Friday, August 25, 2017

Film Diary

The Good, the Bad, and the Ugly. Dir. Sergio Leone. 1966.
Silkwood. Dir. Mike Nichols. 1983.
The Terminator. Dir. James Cameron. 1984.
Frankenhooker. Dir. Frank Henenlotter. 1990.
Don't Look Now. Dir. Nicholas Roeg. 1973.
Walkabout. Dir. Nicholas Roeg. 1971.
Dead Ringers. Dir. David Cronenberg. 1988.

The Good, the Bad, and the Ugly was a rewatch, this time on Kino Lorber's so-called 4K restoration. Apparently, the MGM Blu-ray is far too yellow in tint and looks awful. Kino Lorber's release was meant to remedy this problem, and it does, but in doing so, introduces new problems. First, indoor scenes have a teal tint, as if digitally colour corrected like a Michael Bay film. The uniforms worn by both armies in the film aren't as crisply grey or blue as they were in real life. This might work in the film's favour, as the blurring of the uniforms is thematically motivated, but aesthetically, it's a bit of a chore. On the other hand, any scene outdoors is beautiful: the sky is an alluring, almost aseptic blue, while the desert and other ecological zones burn with a yellow or orange. The film itself still holds up for me. It might be a bit too long, but it's never boring. Each scene is its own mini-drama, with a beginning, a middle, and an end. It's not my favourite of the so-called Dollars Trilogy. That honour is claimed by the darkhorse of the three, For a Few Dollars More.

I found Silkwood a bit of a disappointment. Like many biopics, the film struggles with its own intentions. Is the film meant to be a portrait of a person or a depiction of what that person did? The question is not merely philosophical as any answer will change the film substantially. If this film is indeed about Karen Silkwood the person, then I didn't get quite enough of a sense of who she was. The film doesn't invest in Cher and Kurt Russell's characters enough so Karen feels unmoored from the people she ostensibly considers family. Likewise, if the film is a chronicle of her labour activism, then the film fails even more. Erin Brockovich has the luxury of forming its drama around a court case, an intrinsically dramatic proceeding which lends itself to cinema, but Silkwood doesn't have this structure. Instead, the film focuses on Karen's amassing of evidence for the union's position in negotiations. These negotiations, barely depicted onscreen, aren't nearly as cinematic as a trial. And since the film is a biopic of an individual, the film ends with her death which isn't really the end of the story. Silkwood leaves the audience with onscreen text remarking the death was considered a single vehicle accident and that the corporation closed the factory. Perhaps wanting to avoid being the target of litigation, the filmmakers opted for safety instead of righteous ire and indignation. I did enjoy the performances, especially Cher's effortless one, but otherwise, this was a bit of a disappointment.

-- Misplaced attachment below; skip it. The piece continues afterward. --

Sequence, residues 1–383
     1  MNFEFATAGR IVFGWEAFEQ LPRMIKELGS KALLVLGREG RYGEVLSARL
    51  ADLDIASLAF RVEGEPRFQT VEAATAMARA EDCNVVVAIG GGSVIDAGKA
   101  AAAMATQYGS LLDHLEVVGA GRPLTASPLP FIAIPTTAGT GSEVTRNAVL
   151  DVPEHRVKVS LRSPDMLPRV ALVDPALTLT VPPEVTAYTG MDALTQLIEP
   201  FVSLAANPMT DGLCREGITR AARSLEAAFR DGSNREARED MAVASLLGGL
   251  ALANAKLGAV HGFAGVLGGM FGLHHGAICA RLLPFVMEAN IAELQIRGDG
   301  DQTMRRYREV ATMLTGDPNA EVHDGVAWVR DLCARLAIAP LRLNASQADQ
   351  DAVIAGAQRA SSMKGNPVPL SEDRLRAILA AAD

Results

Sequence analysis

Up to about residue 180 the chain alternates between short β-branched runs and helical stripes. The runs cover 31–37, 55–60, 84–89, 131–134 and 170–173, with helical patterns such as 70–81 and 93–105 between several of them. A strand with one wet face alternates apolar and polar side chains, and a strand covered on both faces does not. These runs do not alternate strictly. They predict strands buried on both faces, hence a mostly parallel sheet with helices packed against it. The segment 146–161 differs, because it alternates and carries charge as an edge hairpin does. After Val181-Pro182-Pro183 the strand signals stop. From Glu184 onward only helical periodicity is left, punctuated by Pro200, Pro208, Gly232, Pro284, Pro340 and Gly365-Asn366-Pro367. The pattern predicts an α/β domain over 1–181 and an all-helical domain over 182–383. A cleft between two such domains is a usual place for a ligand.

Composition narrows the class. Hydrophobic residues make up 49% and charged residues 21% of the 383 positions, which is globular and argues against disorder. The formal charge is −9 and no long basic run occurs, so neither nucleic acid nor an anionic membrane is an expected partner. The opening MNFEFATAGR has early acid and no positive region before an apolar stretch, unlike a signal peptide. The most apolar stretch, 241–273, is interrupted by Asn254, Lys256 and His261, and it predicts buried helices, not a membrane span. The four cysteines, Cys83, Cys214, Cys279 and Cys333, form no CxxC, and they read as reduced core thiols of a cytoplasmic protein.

I think I've only seen the original Terminator twice before. I saw it long after I'd seen the second one. I was inspired to rewatch this after seeing a tweet (of course, I can't find it now) praising the look of the film. I picked up the remastered Blu-ray of it and I was blown away by how pretty the film is. Almost every frame could be printed out and framed. Always ahead of the curve, visually speaking, Cameron and his cinematographer Adam Greenberg soak the film in fuzzy lights, reflective surfaces, incandescent blues, and the odd piercing red. The movie still rocks, of course, being a lean and ruthless machinery of efficient storytelling. Truly one of the finest action films of the century.


With Frankenhooker, I come closer to having seen all of Henenlotter's major works. The film is a blast (pun intended). Beautifully absurd and joyful, the film reminds viewers of a time when horror and exploitation were part of the margins of filmmaking and there's a solid exuberance to everything, even if the film coyly mourns the Times Square and 42nd Street of the past, lost forever to gentrification. It's absurd and entertaining, though certainly not sensitive to the lives of sex workers (who remain the butt of the jokes, no matter how the screenplay tries to care for them).


After rewatching The Limey a week ago, in anticipation for Soderbergh's return to multiplexes with Logan Lucky, I thought I'd give Roeg a try, an obvious inspiration for Soderbergh. Both Walkabout and Don't Look Now were tremendous works, the kind of movie I could see firing up budding filmmakers, showing young cinephiles the limits of what cinema can do. I liked Walkabout a bit more than I did the latter, thanks to the former's gorgeous cinematography, careful building of theme and characterization. Walkabout says some fairly routine things (the problems of communication) but in deeply resonant ways. I still liked Don't Look Now a lot, but it just didn't command my attention in the same way. Part of the problem is what Pauline Kael dubbed the film's "clamminess." Since reading Kael's review, I can't shake the word she uses. Like other master prose stylists, Kael had an ability to select only the most apt word possible, making it almost impossible to think of the object of the comparison in any other terms. The clamminess doesn't just refer to the literal atmosphere, of Venice during the off-season, but to the emotional distance. Affect isn't so removed as to be clinical, like a Kubrick, nor is it so pronounced as to be uncomfortably moist and close (like Spielberg). Critics have praised the film for its emotional maturity in its depiction of a couple dealing with grief, but I never got that sense. The relationship between the two isn't quite as defined as I think the film would like it to be. Add to this the very Italian ending, which I didn't care for at all, and you have a film I like, but I don't love.